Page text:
Question Fiber optic and slow. How should I reconfigure my setup?

Given signal loss in my house and rooms with hard-wired Ethernet cables, which router would you get?

  • NETGEAR Orbi AX6000

    Votes: 0 0.0%
  • NETGEAR Nighthawk MK62-100NAS

    Votes: 0 0.0%
  • Linksys Velop WiFi 6 MX10

    Votes: 0 0.0%
  • ASUS Gaming Router Tri-band WiFi GT-AC5300

    Votes: 0 0.0%
  • TP-Link Archer AX11000

    Votes: 0 0.0%
  • TP-Link AC5400 Tri Band Gaming Router

    Votes: 0 0.0%
  • ASUS Gaming Router Tri-band WiFi GT-AC5300

    Votes: 0 0.0%
  • NETGEAR Nighthawk X6S Smart WiFi Router

    Votes: 0 0.0%
  • AmpliFi ALIEN Router

    Votes: 0 0.0%

  • Total voters
Mar 3, 2020
Hi there,

I have a 1GB/s Fiber Optic internet connection but the internet is not as fast as I would hope. Due to a high amount of signal loss in my apartment, the connection from my Asus router does not reach the bedrooms. Also, each mesh router does not recognize the other unless they are placed practically next to each other. I have an ultra-fast Lenovo X1 Carbon from work, an Intel i7 desktop, and an iPhone 11 on which I have run speed tests so this rules out the devices as an issue. I also have physical cables connecting each room (as you can see in the diagram below). The reason for such a setup was for FAST and RELIABLE internet, which did not end up delivering the results as intended. I have been using this configuration for the past two years.

I would now like to UPGRADE with advice from you all. I don't mind spending more money but want to future proof and improve it dramatically because I do a lot of work video conferences from my home office and have experienced dropped calls. I am looking for Wifi 6 (ax) and prefer just one Wifi network instead of multiple, though I don't mind a router & mesh combo.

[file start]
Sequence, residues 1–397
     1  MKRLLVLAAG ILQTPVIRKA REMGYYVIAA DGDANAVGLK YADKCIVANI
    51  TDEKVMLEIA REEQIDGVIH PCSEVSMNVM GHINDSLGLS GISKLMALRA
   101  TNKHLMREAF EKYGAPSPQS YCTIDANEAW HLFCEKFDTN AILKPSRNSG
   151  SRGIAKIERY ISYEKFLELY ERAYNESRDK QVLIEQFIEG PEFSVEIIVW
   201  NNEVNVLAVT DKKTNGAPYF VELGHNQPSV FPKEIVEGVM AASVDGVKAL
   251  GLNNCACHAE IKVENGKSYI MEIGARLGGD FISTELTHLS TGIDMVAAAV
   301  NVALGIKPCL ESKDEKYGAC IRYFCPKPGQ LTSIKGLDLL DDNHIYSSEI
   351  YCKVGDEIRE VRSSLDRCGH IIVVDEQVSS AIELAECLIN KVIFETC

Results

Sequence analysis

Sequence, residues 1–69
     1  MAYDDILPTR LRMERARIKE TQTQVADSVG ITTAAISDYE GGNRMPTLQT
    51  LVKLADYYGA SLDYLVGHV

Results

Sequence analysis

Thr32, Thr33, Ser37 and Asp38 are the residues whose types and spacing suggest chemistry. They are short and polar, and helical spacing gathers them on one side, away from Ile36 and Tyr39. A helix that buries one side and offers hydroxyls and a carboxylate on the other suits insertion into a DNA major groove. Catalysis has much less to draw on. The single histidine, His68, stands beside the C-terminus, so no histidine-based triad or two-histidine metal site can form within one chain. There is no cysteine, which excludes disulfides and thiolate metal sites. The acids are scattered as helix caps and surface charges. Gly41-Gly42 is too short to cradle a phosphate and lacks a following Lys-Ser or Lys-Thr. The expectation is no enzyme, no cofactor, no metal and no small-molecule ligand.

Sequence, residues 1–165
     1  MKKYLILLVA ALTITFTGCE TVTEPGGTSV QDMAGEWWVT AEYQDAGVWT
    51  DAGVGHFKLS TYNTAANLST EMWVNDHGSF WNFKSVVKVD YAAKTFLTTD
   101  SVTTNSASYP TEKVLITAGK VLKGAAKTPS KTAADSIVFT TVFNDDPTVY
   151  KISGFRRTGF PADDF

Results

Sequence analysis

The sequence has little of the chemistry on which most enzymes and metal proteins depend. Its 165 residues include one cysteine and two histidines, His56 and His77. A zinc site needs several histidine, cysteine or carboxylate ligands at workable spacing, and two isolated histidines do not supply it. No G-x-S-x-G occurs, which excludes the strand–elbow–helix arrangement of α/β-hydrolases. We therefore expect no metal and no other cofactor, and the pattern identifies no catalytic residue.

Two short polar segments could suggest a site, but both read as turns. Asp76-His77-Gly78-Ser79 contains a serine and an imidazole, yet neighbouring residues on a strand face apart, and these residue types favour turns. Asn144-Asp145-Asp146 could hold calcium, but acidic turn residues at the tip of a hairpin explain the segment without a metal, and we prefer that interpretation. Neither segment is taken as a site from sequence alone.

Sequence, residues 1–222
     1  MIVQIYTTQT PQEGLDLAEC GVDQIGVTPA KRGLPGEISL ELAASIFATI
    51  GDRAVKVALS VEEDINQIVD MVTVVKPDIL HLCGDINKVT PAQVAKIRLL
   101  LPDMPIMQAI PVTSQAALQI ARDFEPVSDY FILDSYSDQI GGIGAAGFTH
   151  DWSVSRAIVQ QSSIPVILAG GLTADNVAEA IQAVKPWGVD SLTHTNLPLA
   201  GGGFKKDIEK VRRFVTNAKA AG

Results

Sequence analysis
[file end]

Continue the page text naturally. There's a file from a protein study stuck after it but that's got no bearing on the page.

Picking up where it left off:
Here's a simplified depiction of my 1,500 square foot apartment:

  • As you can see, the Kitchen has the main fiber optic point and modem (Alcatel lucent g-240g-c)
  • From the kitchen, there is a CAT7 cable that runs through the walls to the storage room where there is a router (ASUS Wireless N900 RT-66U Dual Band). The Router connects to four ethernet points (in the red box). Physical CAT5E cables then go to different rooms (master room, living room, bedroom, and the home office)
  • Each room then has a Google Wifi (1st generation 802.11ac ) mesh router separately set up.
I have two specific questions:

1. ROUTER: Given what you know, would you get a router + mesh combo setup, just router or mesh setup? My hunch says that a single router will not work because of signal loss. Routers or devices I am considering are (with prices from Amazon):
  • NETGEAR Orbi AX6000 (it's very expensive though) - $999 for 3 mesh routers
  • NETGEAR Nighthawk MK62-100NAS (reviews are not the best though) - $229 for just one router and one extender
  • Linksys Velop WiFi 6 MX10 - $699 for two mesh routers
  • ASUS Gaming Router Tri-band WiFi GT-AC5300 - $318
  • TP-Link Archer AX11000 - $479
  • TP-Link AC5400 Tri Band Gaming Router - $229
  • ASUS Gaming Router Tri-band WiFi GT-AC5300 - $318